I’ve heard of the stories of gold teeth appearing in people’s mouths. And they’ve done some investigating at places like Toronto (I say good for them) only to find that there were a lot of these people thinking God had given them gold fillings only to find out, when returning to their dentist’s office that the dentist had to tell them that he himself had installed those fillings, those crowns.

But not all of them. Not all. Some were, apparently, unexplainable by the dentist. The dentists suggested maybe they drank some funny orange juice or something…..

Anyway, back to the roaring and barking.

Because sometimes, you have to hear the rest of the story.

A couple of years ago, I heard testimony from a man who says he was at the Toronto Airport Vineyard back then, and he was the guy who was reported about in the paper who roared like a lion. He is a personal friend of someone I know intimately in ministry, and someone I trust very much to be of good character and not given to unnecessary emotionalism or hype. He spoke at a morning meeting, telling them that HE was the one who roared like a lion. He says God spoke to him in that moment to do it; he felt foolish doing so, but was just doing what he very distinctly thought God was telling him to do. I can appreciate obedience to what you believe God is telling you to do. Others have done it. God told Abraham to lay his son on a pile of wood and offer him as a burnt offering. He told Hosea to marry a prostitute. He made Isaiah walk around half-naked for three years prophesying against Israel. So if a guy believes God is telling him to do something, he is maybe not in bad company.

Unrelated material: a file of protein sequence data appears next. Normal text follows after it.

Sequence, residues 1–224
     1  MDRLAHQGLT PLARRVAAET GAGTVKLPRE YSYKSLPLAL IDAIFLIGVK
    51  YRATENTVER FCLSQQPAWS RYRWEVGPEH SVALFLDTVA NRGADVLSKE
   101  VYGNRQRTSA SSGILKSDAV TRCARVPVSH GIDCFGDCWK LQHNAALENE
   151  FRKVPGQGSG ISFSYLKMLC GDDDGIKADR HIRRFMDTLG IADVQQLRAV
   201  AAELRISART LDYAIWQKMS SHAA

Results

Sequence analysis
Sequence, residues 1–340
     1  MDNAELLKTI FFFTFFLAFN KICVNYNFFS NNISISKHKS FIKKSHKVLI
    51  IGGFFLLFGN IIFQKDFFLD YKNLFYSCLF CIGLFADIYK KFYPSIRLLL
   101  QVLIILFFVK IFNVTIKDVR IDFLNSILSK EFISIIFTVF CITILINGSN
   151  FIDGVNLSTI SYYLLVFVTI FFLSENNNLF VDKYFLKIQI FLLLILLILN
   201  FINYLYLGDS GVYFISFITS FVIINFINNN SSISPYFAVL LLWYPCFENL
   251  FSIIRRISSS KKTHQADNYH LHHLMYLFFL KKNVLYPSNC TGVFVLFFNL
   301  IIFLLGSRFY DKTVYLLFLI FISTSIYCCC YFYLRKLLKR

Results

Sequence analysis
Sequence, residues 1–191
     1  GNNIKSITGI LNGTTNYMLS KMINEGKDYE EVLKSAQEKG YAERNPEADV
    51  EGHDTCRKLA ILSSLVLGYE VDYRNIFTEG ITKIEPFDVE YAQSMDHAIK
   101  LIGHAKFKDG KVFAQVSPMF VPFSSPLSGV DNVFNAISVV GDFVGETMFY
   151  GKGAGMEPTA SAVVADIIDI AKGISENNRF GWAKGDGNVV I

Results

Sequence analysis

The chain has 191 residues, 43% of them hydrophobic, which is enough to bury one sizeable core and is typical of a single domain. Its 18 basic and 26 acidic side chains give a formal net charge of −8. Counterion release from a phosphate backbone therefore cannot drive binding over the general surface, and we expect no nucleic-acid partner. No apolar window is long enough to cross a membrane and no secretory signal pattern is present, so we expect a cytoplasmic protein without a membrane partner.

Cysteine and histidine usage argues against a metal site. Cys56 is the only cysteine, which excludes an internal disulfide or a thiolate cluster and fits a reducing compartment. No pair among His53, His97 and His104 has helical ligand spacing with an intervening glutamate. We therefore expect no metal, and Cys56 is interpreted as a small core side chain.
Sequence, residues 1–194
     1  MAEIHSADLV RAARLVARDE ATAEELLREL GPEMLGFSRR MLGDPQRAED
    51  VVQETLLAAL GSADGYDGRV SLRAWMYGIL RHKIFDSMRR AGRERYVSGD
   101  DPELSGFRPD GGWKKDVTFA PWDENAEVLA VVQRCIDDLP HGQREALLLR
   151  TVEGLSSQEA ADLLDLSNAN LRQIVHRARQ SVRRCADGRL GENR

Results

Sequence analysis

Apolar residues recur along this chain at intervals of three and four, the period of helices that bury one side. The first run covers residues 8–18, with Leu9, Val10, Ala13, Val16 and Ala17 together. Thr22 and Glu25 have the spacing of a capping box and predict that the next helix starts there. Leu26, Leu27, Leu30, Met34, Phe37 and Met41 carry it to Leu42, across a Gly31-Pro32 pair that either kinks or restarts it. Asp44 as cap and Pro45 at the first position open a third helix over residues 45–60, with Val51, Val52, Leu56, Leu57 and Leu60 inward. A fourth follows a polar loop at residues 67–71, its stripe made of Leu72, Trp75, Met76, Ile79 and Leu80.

Anyway, I had occasion to speak with one of the ministers at the Toronto Vineyard about a year and a half ago, and asked him about this person (mentioning him by name). He replied, “why, YES. That was NUTS. We just didn’t know what to do with it at the time. We were all just coming out of the baptist church at the time, and we didn’t know WHAT to do with the guy. And then, we asked him his story, and he said he was a pastor! And we thought ‘a PASTOR? WHAT the heck are we getting into here?!?!”

Here, from this man’s website, is his personal testimony about the event.

New members flowed in to Zion as the Father’s heart poured out in what is known as the Toronto Blessing, bringing refreshment to many. At the October 1, 1994 “Why Encounter” event, which joined key cities across Canada through a satellite network, Pastor Gideon, was invited to pray for China. The Lion of Judah “roared” through him against the dragon of China, and by God’s design, this day coincided with the day known as China’s National Day. Months earlier, when God touched Pastor Gideon so deeply in Toronto and he began to roar, what he witnessed in the spirit was Almighty God making a decree to Satan, saying, “Let My people go.” He knew then that many things in God’s divine plan were about to unfold.